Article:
There’s so much of the world I don’t understand. A lot of it I don’t want to understand. A lot more than I should understand but I don’t.
I started this blog earlier, but it got so preachy and moralistic I couldn’t tell who really wrote it. So I wanted to try one more time.
I went to a Grandparents Day at my grandson’s school last Friday. It was a blast — there were soooo many grandparents there! We all were great moral support for the K through 5 group. Being on two different ends of the age spectrum, I couldn’t help but be invigorated by the enthusiasm and innocence and goofiness of those 50 years younger.
And I wondered.
Where does all this innocence and enthusiasm go?
We all are inundated with the madness of the world: politics, gangs, superstars, billionaires, mass murderers. The list goes on.
And I wondered.
Were these people ever innocent? Were they ever caring, giving, loving?
When did they take the wrong turn in the road?
I look at my own sons. They are different from each other yet they are the same. One is a controller, one works for a restaurant. One is single, one is married. They both have pasts I’m not 100% ready to know (as -I- have one they don’t want to know). But they made it through high school and college, not much worse for the wear, and we still communicate.
I look at my grandsons. Will they buckle under the pressure? There are a lot of mean kids out there. All sizes, colors, ages and classes. It doesn’t take much to be mean; you can be merely spoiled or off center or just picked on yourself. Everyone goes through the ups and downs of puberty, but some get turned around so much that they never come out the same.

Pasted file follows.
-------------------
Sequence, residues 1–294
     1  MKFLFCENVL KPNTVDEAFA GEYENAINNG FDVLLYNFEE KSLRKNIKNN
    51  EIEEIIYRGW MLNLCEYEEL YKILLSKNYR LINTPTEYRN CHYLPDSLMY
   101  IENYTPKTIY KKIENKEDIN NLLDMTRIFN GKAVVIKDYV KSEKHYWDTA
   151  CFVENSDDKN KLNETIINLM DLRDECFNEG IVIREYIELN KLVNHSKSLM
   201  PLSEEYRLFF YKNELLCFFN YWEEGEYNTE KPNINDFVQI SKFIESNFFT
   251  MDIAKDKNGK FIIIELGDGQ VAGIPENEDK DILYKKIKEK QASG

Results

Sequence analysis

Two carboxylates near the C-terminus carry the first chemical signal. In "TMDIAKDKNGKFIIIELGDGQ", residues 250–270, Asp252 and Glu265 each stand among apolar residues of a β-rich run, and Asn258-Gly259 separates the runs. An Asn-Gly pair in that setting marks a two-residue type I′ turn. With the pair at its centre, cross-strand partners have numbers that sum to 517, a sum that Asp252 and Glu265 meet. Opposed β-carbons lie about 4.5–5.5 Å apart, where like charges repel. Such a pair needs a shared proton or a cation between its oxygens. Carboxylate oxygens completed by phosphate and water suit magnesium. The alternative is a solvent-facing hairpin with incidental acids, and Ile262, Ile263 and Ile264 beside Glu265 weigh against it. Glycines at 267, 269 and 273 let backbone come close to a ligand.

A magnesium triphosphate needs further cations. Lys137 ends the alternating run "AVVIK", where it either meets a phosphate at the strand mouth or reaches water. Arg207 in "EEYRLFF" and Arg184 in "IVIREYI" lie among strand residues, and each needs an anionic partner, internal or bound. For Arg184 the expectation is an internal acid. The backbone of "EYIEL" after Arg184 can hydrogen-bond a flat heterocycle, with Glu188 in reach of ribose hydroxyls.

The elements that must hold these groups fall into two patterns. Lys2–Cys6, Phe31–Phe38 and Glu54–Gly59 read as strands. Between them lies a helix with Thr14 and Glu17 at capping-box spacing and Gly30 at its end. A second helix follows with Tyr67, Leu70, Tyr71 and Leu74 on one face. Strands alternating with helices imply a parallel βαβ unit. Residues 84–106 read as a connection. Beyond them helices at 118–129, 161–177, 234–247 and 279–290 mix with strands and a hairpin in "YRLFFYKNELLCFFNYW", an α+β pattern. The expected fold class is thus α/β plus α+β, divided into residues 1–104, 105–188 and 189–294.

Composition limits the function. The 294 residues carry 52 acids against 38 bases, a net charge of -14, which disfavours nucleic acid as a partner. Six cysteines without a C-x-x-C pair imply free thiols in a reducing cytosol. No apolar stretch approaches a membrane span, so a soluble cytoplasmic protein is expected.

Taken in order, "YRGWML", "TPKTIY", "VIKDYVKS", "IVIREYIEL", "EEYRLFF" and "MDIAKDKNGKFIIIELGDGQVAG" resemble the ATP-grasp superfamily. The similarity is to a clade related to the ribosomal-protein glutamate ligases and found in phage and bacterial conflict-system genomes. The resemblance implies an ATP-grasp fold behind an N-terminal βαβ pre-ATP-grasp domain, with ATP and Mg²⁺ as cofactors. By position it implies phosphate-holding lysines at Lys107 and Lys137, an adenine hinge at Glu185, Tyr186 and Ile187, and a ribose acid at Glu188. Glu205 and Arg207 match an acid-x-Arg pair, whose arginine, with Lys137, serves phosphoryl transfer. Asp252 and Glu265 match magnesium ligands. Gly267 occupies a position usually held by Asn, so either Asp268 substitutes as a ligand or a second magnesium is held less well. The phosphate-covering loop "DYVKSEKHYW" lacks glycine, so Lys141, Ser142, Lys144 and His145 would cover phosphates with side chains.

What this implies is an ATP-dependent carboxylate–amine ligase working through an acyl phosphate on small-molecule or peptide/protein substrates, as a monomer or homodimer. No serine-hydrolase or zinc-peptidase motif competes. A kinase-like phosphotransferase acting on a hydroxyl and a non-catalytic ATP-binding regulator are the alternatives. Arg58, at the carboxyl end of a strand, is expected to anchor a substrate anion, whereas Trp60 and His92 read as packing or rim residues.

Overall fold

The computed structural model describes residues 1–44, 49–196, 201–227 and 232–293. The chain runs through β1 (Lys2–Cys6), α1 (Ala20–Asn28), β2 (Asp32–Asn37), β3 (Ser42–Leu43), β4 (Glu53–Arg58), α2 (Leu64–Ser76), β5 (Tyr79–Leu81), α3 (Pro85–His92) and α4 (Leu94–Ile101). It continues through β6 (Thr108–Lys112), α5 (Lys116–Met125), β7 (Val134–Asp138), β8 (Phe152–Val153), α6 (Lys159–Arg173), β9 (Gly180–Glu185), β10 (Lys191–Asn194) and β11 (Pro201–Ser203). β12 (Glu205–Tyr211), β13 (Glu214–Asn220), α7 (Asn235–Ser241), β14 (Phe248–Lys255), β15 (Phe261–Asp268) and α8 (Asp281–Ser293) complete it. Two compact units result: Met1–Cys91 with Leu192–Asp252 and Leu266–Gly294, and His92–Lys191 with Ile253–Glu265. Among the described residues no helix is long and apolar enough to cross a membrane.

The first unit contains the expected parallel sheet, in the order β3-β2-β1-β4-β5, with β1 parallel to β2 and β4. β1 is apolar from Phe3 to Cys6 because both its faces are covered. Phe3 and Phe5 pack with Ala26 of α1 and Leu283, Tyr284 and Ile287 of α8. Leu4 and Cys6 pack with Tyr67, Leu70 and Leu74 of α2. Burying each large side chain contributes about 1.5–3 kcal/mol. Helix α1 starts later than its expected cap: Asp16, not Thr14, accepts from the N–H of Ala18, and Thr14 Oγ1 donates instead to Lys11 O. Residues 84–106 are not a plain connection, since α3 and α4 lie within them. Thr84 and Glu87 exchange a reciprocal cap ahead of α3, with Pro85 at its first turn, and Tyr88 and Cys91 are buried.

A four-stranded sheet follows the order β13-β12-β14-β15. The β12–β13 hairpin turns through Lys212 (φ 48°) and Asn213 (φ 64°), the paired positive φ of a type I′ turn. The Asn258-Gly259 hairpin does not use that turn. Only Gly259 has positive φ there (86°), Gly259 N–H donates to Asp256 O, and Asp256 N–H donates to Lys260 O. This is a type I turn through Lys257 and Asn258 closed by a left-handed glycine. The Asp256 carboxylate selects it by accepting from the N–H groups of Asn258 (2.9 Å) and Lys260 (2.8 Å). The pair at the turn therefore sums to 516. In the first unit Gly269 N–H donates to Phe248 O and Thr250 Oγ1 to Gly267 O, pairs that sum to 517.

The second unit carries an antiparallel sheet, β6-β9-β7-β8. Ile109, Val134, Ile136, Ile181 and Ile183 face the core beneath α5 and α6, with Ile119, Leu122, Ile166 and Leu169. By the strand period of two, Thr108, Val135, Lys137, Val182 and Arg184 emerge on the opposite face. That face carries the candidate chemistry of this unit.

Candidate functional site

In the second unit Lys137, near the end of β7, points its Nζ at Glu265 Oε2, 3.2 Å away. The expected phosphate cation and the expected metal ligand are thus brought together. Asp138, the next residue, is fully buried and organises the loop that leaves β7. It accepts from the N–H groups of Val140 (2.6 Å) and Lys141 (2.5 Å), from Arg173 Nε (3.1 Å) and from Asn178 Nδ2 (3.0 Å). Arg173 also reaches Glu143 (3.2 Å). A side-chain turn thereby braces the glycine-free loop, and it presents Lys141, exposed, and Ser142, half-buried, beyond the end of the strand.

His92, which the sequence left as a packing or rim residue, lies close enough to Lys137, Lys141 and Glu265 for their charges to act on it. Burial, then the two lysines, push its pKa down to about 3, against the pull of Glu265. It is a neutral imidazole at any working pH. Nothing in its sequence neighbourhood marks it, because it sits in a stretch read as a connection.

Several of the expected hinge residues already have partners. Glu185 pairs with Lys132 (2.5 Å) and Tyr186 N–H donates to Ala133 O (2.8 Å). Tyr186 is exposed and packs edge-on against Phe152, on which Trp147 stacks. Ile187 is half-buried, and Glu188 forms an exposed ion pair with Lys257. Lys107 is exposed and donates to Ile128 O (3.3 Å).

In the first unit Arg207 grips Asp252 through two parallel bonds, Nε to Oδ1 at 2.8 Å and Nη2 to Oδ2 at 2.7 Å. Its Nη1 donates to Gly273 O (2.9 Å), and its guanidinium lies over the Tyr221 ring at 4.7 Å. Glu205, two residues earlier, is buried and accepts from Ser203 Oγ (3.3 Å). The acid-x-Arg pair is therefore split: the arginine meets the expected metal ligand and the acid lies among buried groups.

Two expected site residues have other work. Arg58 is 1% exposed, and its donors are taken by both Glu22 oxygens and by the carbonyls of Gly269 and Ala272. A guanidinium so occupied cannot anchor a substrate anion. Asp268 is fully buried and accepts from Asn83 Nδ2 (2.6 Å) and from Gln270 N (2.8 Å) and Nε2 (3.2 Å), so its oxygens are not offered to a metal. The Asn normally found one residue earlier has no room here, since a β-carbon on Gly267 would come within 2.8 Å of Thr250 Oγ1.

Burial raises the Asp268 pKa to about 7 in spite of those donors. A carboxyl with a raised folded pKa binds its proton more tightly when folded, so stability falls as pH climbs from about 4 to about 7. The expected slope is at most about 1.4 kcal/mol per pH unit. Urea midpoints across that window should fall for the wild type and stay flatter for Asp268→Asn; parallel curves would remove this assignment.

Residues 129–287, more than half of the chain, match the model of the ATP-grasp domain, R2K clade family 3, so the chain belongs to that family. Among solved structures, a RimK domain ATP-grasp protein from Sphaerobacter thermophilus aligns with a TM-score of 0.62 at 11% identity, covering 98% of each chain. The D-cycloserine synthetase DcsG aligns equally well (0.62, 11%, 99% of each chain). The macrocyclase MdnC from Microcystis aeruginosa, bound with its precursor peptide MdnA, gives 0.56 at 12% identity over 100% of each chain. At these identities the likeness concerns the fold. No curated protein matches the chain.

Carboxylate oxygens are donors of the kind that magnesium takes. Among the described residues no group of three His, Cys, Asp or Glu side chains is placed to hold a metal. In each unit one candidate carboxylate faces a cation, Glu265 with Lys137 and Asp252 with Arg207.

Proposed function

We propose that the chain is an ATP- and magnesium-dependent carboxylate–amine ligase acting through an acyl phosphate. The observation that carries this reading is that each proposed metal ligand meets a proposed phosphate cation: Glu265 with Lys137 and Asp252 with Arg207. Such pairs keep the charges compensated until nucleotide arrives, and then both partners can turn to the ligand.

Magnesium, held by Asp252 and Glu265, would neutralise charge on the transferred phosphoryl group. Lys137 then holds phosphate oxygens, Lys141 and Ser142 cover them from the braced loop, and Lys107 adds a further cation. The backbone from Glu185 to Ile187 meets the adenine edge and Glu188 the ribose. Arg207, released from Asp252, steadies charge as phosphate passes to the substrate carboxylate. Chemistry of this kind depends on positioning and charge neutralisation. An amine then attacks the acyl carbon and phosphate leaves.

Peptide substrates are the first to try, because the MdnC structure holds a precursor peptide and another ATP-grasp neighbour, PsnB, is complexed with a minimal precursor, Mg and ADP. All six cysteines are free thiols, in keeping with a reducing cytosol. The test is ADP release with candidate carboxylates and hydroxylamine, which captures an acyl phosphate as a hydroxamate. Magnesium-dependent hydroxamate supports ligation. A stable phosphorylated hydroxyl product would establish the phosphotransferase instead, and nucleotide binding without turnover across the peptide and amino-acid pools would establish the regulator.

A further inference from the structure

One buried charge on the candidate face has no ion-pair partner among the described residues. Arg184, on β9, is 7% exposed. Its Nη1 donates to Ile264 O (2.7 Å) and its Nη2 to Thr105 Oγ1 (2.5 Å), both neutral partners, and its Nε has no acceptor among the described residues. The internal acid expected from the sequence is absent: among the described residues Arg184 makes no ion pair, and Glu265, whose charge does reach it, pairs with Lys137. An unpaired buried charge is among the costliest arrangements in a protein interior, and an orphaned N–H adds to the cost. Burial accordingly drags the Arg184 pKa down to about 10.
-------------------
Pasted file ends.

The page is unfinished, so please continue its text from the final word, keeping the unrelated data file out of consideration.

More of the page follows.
Women have unrealistic expectations thrust at them when it comes to looks and families and men are pressured by salaries and careers and showing up for their kid’s baseball games. We don’t make the rules — we just hear them from other people. We all are pressured to be more, do more, make more, live more.
What happens when more is not enough?
I looked at the innocence of the kids at school and envied them for the moment. For their moment would soon change. It has to change in order to deal with the madness grownups have created.
There are rewards to being older, of course. We know our way through the world, more-or-less know what we want from life, and eventually realize that it doesn’t matter what the rest of the world thinks. Some of us get there at 30…some at 60. Some never get there, always worried about what others will think or say.
I hope my grandkids are spared most of that mind chatter. I hope all of the grandkids on Grandparents Day are raised in a stronger, more accepting world. Help when you can, don’t make bad choices, forgive and move on.
I never had a Grandparents Day — I never knew my grandparents, period.
I wonder if that would have made all the difference in the world. It did with my husband. His grandparents were heroes in his eyes. And no doubt they adored him back.
I hope I have the same effect on my grandkids.